| Go West, Young Man
center foreground - "the Castles", background - South Maroon and Pyramid, as seen from Storm Pass
I left work early on July 3rd and drove down to Buena Vista, over Cottonwood Pass, down into Almont, and across the valley to the Ohio Pass Road, where I turned west on Gunnison County 727 to the Mill Creek Trailhead. A Lists of John trip report describes the route as 18.5 miles and 4,800' of gain (Jon Frohlich's 2008 14ers.com trip report says 4,000' of gain), which seemed like a long daytrip, so I opted to backpack in a few miles and camp. The Mill-Castle Trail starts as an old road on the south side of Mill Creek before narrowing into a trail. After a mile or so, I had to search around for an easy place to cross the creek before rejoining the trail on the north side.
entering the West Elk Wilderness
Switchbacking up through the trees on the north side of Mill Creek, I started smelling what I thought was a skunk, then I rounded a corner and found this within a few feet of the trail.
About 30 seconds after passing the cow carcass, I heard a sound like a tree crashing over, and saw this bear staring back at me from an uncomfortably close distance to the trail. I had been scouting for a campsite, but decided to keep going a while and put some distance between myself and the bear.
After hiking two hours and I don't know how much distance or gain (I wasn't carrying a GPS), I found a good campsite to the left of the trail. It had been raining on and off, and I was fortunate to get a lull in the rain to set up camp, pump water, and eat dinner before going to sleep. The mosquitoes were annoying, but not miserable enough to have to hide in the tent. I woke up at first light without an alarm and started hiking at 6:20.
Within 30 minutes of starting, I smelled a familiar fragrance, but much stronger. I was breathing through my mouth as I rounded a switchback to find another two cow carcasses in a more advanced stage of decomposition. Choking back dry heaves, I raced past them to get uphill and upwind.
Mill Basin comes into view
The steepest parts of the hike are all between the creek crossing and treeline. The trail is nearly overgrown with willows in many places, but not difficult to follow. The next photo is the last patch of willows before the junction with the trail to North Baldy Mountain.
turn right here for the trail to Storm Pass
I missed the junction and went left into Mill Basin. After realizing my mistake, I considered going for North Baldy and traversing over to West Elk, but seeing the steep section marked on the next photo nixed that idea. I later read some notes in the summit register that people had completed the traverse, but I had no idea of the difficulty of that steep section.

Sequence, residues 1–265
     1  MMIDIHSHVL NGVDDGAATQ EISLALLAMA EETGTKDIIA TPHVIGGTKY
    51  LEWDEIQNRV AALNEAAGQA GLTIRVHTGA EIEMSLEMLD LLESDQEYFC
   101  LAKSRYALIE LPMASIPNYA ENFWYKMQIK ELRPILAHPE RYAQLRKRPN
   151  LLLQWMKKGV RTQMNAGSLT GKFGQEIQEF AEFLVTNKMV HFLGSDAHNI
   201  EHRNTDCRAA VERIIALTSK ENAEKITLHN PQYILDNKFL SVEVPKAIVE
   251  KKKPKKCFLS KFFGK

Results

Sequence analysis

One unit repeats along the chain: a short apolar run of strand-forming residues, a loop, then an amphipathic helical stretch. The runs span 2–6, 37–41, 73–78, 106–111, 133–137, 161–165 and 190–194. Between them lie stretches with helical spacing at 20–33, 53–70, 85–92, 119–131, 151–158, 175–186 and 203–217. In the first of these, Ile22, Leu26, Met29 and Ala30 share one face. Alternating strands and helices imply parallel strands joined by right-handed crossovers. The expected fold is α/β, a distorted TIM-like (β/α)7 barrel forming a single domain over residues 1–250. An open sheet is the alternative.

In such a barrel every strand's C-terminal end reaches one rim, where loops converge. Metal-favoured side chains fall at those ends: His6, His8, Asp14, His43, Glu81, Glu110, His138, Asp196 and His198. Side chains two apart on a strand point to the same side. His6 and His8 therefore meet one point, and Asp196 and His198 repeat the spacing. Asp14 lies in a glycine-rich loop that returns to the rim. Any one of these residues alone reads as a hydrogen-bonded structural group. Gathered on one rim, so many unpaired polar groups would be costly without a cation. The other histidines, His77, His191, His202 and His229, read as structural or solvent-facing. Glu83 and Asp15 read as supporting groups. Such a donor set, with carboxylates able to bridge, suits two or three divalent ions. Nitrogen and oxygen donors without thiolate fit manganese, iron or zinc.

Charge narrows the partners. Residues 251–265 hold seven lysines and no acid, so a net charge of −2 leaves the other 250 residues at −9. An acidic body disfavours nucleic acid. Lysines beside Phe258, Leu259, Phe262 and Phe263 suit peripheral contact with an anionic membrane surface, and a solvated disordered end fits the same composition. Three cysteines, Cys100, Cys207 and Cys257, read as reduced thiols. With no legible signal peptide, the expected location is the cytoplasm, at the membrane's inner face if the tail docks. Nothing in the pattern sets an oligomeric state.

I hiked easy terrain across Mill Basin to the bottom of the switchbacks up to Storm Pass.
From Storm Pass, the trail stays mostly on the ridge crest heading west toward the point at left, then turns northwest toward West Elk's summit at right.
The last few hundred feet was an easy stroll to a gentle summit.
What does it mean that West Elk Peak is the 17th most prominent in Colorado, with 3,095' of prominence, even more prominence than all but nine of the Colorado 14ers, despite being ranked a lowly 617th in the state? It means the views kick ass.
WNW: Mt Gunnison, Colorado's 13th most prominent
N: Capitol and Snowmass
NNE: South Maroon and Pyramid
NE: Castle Peak
ESE: Mt Ouray
SSE: San Luis Peak
SSW: Uncompahgre and Wetterhorn
I spent 45 minutes on the summit, eating lunch, taking pics, and using the PeakFinder app on my phone to identify peaks, in the company of a multitude of moths and flies, but fortunately no marmots (marmots are EVIL). Many Sawatch and western San Juan peaks are also visible from the summit. I had seen a few elk on my hike up, on the south side of Mill Basin, and along the ridge to the east of Storm Pass. As I descended from the summit, I saw about 40 elk in the drainage to the north of Storm Pass, at center of next photo.
Descending back toward camp, the pair of cow carcasses I passed in the morning came into sight from a few hundred feet above. I held my breath and sprinted through what by the midday heat had become an orgy of flies. Soon enough, I was back in camp.
I broke camp quickly, the mosquitoes were somehow worse in midday than the evening before, and joined by numerous biting flies. The hike out went quickly, hastened by knowing there was at least one bear between camp and the trailhead.
Time stats (distances unknown) for the trip:
Trailhead to campsite: 2 hours
Campsite to summit: 3 hours 40 minutes
Summit to campsite: 2 hours 15 minutes
Campsite to trailhead: 1 hour 40 minutes
Thanks for reading...
Thumbnails for uploaded photos (click to open slideshow):